Breaking the chain

Related Posts

Content warning: eating disorders, body dysmorphia

Growing up in a Hispanic household where my parents never reached high school and my older siblings never attended college, I really questioned why I would be any different. 

Although this confusion caused me to struggle academically all my life, this began to change at the age of 16 when I realized I wanted to do something that involved helping kids. But my grades were failing, and I started to lose hope of going to college altogether. Then, my dad gave me advice that changed my academic life forever. 

He said, “You have five options. The first four options are right in front of you. You have four siblings, all who didn’t attend college or finish high school — each with their own paths and how they’re making it in life.” 

Each of my siblings chose to not continue higher education and all had their unique paths, but none that I saw myself having. My dad continued: “Your last option would be breaking that chain. You can make something of yourself mija and go to school, go do something you love and get an education.” 

Ever since then, I started putting in more effort to change my grades and my mindset. I began aiming for higher standards for my future like going to a community college, becoming a role model for my younger brother — as well as for my older siblings who are now chasing their dreams — and getting an education.

Being a first-generation Latina student is certainly something I am proud of, but creating this new path alone toward higher education has its challenges. Being low income all of my life as well has resulted in a lack of privileges growing up — and I have had to fight twice as hard compared to the average student. But I knew this was something I wanted. 

As I began navigating the world of my academia, it was so foreign to me, and I felt so lost. 

Alongside my education, I had dance. Juggling hours of dance classes and rehearsals while maintaining a high GPA was a huge struggle for me. But my parents’ sacrifices to get to the United States have taught me something very valuable: Work hard and be determined. 

So I did and will continue to do just that as I take the nontraditional route toward higher education. 

Eventually, I graduated with honors from my community college and transferred to UC Berkeley. It was such an amazing accomplishment and only fueled my desire to reach my goals. 

Today, I am a declared psychology major with a minor in dance. Along with being a research assistant with Social Science Research Pathways, I am currently involved in a nonprofit advocacy internship called Latino Service Providers, where I serve as a frontline healthcare worker known as a “youth promotor.” I advocate and educate on mental health wellness, facilitate outreach services and create positive change within the Latine community. As a youth promotor, I serve as a pillar for those around me. 

While being in this program, I have learned so much about changing my community’s stigmas while also learning about my own internalized battles that stem from the Latine culture. 

As a Mexican woman, I have fought many battles with mental health — and being a dancer further fueled these struggles.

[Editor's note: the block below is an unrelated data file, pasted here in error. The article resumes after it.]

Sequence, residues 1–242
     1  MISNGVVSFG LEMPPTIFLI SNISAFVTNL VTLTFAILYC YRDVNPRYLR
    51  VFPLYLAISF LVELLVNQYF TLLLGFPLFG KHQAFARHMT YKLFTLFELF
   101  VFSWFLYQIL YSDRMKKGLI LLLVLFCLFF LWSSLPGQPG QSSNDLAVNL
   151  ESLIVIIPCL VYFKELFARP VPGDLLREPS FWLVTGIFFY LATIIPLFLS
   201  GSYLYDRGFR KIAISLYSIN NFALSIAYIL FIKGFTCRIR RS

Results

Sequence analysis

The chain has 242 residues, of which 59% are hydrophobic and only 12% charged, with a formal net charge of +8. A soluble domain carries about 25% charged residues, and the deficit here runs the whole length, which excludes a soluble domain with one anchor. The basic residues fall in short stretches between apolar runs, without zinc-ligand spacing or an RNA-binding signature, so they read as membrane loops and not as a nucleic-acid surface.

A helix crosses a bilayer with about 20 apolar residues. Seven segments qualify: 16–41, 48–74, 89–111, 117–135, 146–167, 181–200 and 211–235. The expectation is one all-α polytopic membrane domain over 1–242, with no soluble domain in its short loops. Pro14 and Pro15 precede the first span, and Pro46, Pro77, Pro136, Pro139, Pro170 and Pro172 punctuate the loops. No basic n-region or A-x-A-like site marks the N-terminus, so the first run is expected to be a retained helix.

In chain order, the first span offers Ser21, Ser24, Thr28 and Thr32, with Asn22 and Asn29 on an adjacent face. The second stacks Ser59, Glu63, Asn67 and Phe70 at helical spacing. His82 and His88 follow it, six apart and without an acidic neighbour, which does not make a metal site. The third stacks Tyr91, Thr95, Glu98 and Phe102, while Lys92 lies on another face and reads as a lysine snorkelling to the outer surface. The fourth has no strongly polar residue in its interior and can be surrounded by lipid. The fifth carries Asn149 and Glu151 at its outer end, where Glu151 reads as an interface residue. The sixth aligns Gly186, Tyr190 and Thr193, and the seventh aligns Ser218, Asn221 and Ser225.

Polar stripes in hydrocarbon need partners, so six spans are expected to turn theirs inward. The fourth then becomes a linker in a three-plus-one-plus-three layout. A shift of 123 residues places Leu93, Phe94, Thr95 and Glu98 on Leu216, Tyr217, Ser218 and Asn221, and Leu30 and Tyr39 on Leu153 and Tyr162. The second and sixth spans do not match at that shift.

I have always had an innate desire to dance and am extremely grateful and privileged to have been given the opportunity to dance in a studio where my passion for dance advanced technically. Through a scholarship I was given, my parents were able to afford the expenses of attending ballet classes. 

But what I believed to be my greatest escape became a continuous amount of stress. 

At the age of 13, I began to develop self-image insecurities, which led to eating disorder tendencies and eventually body dysmorphia. There was a point where I wanted to quit, but instead, I proved I could do just as well — and even better — without a stereotypical dancer physique. 

My mindset for my body is still a constant battle I fight today, but I have gotten better at appreciating the body I have through the treatment of therapy. 

Although I never realized it, I have been preparing for my major in psychology my entire life. Through these counseling and therapy sessions, I became enamored with the idea of giving back to the youth who have struggled like I did — especially those who are underprivileged, underrepresented, underserved or of low socioeconomic status. 

After my time at UC Berkeley, I plan to attend graduate school and get my Ph.D. in psychology. I intend to work in fighting against the stigmas associated with mental health, as well as work with youth and incorporate dance therapy into my work. These plans will allow me to stay connected with my community and uplift those around me. 

Looking back, I am proud of the woman I am today. I also would not have gotten here without the help of those who supported me — like my father, a hard-working man, and my mother, an inspiration in my life. Both have helped shape my journey along with my family and friends who have supported me along the way. 

I cannot imagine doing anything else that does not involve chasing my dreams and giving back to those I care about. 

My eagerness and determination to change the world in a positive way (along with the inspiration I have gotten from those who support me) has helped me “break the chain” as my father once said. 

I now create a new chain as a first-generation Latina student aiming for higher education and goals that I am certain I will accomplish. I hope to inspire those around me to chase their dreams and break the barriers that may be holding them back. 

Uplifting others along the way and knowing the value of kindness and determination has gotten me very far — and I know it will help guide you too.  

Our Voices columns are by writers outside of the Daily Cal and separate from the semester’s regular opinion columnists. Contact the opinion desk at [email protected] or follow us on Twitter @dailycalopinion.